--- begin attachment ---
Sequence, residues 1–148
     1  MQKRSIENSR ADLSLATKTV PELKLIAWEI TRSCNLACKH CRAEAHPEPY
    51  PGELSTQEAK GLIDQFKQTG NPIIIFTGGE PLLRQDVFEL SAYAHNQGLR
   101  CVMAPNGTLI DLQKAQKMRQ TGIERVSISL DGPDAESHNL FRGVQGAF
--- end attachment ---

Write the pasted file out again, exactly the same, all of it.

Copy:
Sequence, residues 1–148
     1  MQKRSIENSR ADLSLATKTV PELKLIAWEI TRSCNLACKH CRAEAHPEPY
    51  PGELSTQEAK GLIDQFKQTG NPIIIFTGGE PLLRQDVFEL SAYAHNQGLR
   101  CVMAPNGTLI DLQKAQKMRQ TGIERVSISL DGPDAESHNL FRGVQGAF